Yet another how-to that should apply to most 1989-1991 Sprints, Fireflys, Metros, and Swifts. This was done on a 1.0L 3-cylinder, so those with the 1.3L are out of luck. Unfortunately, I didn’t think to take pictures during this procedure, but I’ll try and be as specific as possible. This was not performed on a vehicle with air conditioning or power steering. If you have either of these, there may be more steps involved. Oh, and as with all vehicle work, it may be a good idea to disconnect the battery. After all, you don’t want to lose your hand/arm/life because the car tried to start at the wrong time.
1) Remove the alternator belt. This will involve loosening the bolt at the top of the alternator where it’s connected to the bracket. If the alternator doesn’t move, you may have to use a prybar to help push it towards the engine (be careful not to place the prybar up against the brake lines or against anything else that might be damaged). There’s also a bolt at the bottom of the alternator where it’s mounted to the engine (where the alternator *should* pivot). If you’re not having a lot of success, loosen that bolt a little as well and it should be easier. Note that you don’t have to move the alternator extremely far, just enough to get the belt off.
2) Remove the water pump pulley. It is held on by 4 bolts. If the bolts are really tight, you may have to grip the pulley with vice grips to keep it from turning while you crack the bolts loose.
3) Remove the passenger side splash guard. You will have to crawl under the car for this, and may have to turn the steering wheel to the right to get at all the clips.
4) Remove the crankshaft pulley. There are 4 bolts to remove (do not remove the large center bolt) You will probably have to access them from under the car. A ratchet with a long socket (or an extension) will be best. In my case (using an extension), I could only get at 1 bolt at a time and had to rotate the crankshaft to get at all of them. Again, vice grips (or a strong assistant holding the pulley) may be helpful here to keep the pulley from rotating as you crack the bolts loose.
5) Remove the timing belt cover. This is the big black plastic cover. There are a total of 1 nut and 8 bolts (4 on each side). Keep track of which bolts go where, as some may be longer than others. There may also be wire ties that are held on by these bolts. Be sure not to lose them.
6) Set the timing. For the cam sprocket (the top one), there should be a mark on the sprocket that lines up with a little “dip” on the top ridge of the valve cover. To set the crank sprocket, you may have to replace the timing belt cover and crank pulley. In my case, the pulley had a white mark on it, and the timing belt cover had timing marks. Simply line up the white pulley mark to the “0” on the cover. Alternately, if the crankshaft sprocket has a mark on it, there may be a mark on the engine that it corresponds to. If this is the case, simply line those up.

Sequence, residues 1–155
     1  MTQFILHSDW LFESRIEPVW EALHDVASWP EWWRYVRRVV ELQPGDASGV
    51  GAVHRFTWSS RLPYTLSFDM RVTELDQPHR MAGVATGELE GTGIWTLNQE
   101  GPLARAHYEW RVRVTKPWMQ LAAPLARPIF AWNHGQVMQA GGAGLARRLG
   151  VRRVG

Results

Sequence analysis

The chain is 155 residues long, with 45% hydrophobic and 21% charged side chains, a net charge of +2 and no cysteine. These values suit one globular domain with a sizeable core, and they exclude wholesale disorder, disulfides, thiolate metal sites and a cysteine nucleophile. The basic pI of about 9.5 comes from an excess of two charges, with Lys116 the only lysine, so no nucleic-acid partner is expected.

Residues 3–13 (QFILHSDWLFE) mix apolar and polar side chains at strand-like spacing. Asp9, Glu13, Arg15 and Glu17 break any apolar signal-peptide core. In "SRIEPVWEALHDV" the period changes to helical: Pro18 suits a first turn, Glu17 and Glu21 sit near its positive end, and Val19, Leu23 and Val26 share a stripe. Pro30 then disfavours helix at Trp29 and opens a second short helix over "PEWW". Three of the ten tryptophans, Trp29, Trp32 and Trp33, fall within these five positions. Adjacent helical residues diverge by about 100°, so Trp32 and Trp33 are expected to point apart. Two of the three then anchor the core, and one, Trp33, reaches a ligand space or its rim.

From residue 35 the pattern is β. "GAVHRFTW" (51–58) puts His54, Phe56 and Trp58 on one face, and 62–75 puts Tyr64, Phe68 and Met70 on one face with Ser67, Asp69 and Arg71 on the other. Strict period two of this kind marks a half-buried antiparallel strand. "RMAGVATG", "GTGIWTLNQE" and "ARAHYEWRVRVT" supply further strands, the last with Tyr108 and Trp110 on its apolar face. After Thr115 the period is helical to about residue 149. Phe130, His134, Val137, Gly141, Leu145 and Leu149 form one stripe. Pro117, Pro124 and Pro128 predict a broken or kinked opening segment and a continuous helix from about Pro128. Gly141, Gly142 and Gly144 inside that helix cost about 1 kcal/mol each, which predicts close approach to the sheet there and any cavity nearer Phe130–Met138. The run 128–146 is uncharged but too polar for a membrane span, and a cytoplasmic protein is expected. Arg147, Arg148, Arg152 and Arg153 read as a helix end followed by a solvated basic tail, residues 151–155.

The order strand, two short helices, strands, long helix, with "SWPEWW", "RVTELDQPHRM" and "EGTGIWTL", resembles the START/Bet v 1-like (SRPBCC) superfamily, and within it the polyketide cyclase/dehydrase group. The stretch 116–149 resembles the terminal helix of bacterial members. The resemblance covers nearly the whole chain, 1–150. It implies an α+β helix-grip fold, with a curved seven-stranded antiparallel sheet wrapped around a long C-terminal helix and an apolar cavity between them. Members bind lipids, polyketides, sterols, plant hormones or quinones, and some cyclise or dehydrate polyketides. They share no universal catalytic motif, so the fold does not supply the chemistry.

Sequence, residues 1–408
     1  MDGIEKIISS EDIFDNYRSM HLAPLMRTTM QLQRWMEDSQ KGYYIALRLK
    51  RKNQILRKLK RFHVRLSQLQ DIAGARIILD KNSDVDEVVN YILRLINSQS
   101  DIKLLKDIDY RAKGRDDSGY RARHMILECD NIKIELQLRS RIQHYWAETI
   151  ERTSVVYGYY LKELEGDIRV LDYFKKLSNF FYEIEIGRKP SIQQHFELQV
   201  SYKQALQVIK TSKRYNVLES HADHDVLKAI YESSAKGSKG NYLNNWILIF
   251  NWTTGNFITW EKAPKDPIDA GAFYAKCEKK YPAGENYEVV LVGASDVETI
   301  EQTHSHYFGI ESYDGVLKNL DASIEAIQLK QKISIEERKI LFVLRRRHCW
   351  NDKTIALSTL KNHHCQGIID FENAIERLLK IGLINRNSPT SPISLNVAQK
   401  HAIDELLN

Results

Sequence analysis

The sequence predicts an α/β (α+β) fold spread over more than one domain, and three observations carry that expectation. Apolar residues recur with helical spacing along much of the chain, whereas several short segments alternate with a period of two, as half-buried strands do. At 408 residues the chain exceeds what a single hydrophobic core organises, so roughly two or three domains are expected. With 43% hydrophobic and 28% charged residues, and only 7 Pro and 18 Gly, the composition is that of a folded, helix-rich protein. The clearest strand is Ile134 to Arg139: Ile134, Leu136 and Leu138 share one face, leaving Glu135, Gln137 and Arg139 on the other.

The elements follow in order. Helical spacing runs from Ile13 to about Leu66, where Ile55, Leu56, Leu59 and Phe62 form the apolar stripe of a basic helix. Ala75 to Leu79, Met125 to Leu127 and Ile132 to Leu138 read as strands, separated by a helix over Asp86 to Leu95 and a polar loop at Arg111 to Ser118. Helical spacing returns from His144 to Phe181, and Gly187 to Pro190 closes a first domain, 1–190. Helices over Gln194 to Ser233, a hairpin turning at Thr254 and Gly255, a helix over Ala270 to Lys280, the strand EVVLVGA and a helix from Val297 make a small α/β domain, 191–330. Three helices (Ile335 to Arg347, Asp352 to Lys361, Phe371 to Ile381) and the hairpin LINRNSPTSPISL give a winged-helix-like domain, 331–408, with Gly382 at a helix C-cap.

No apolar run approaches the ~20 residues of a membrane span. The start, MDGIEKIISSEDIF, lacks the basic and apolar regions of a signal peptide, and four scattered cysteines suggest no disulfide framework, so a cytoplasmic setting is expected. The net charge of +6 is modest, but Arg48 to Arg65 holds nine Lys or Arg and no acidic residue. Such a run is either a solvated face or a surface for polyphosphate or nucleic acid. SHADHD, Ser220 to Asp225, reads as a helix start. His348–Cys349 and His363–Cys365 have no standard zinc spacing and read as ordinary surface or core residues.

7) Loosen the belt tensioner. There is a bolt on the tensioner pulley itself, as well as a “tensioner stud” against the tensioner plate, which must be loosened (but not removed) with a wrench. Once both of those are loose, the tensioner should be movable by pushing the tensioner plate in either direction. Push the tensioner plate, which will put the least tension on the belt, and temporarily tighten the tensioner stud to keep it from being auto-tensioned by the spring. I have included an image below, taken from a workshop manual which should be similar.
8) If the original belt is still intact, double check the position of the timing marks on both the cam and crankshaft sprockets (they should both be lined up. if they’re not, figure out why before going any further). Remove the original belt.
9) Install the new belt. Start by slipping it over the crankshaft sprocket, running it past the tensioner, and then slipping it on the camshaft sprocket going from right-to-left, being careful not to rotate either sprocket. If either sprocket rotates, remove the belt, re-position the sprockets, and start again. There should be no slack in the belt on the right side.
10) Loosen the tensioner stud. The tensioner plate should be pulled into place by the spring, and the pulley should remove the slack on the left side of the belt. Do not tighten the tensioner stud or the pulley stud yet.
11) Rotate the cam or crank sprocket clockwise 2 complete turns. This is usually accomplished most easily by using a ratchet and socket on one of the center bolts. After the rotations, continue turning clockwise until the timing marks are lined up. Make sure that both the cam and crank sprocket line up to their respective marks. If they don’t, you are probably off by a tooth, in which case you must remove the belt, line up the sprockets, and try again.
12) Tighten both the tensioner stud and pulley bolt. Opinions vary on whether to rely soley on the tensioner spring, or to add finger pressure before tightening. I added a little bit of finger pressure before tightening mine. Rotate the cam/crank again 2 full rotations. Check again to make sure the timing marks line up, and make sure there is tension on both sides of the timing belt.
13) Assuming the timing marks still line up and the belt seems to have decent tension to it, reassemble everything.
14) If after everything’s said and done the car won’t start (or runs poorly), there’s a good chance the timing belt is off by a tooth. Take everything apart and double check. Alternately, you could have some damaged valves or pistons, although as far as I know, my own Sprint has a non-interference engine.
With all that said, good luck. As always, a workshop manual (or even a Haynes or Chilton’s manual) can be extremely helpful and may cover things more accurately, in better detail, and/or things that I may have missed.
Standard disclaimer applies. If my instructions result in any deaths (including but not limited to the death of your car), I’m not responsible.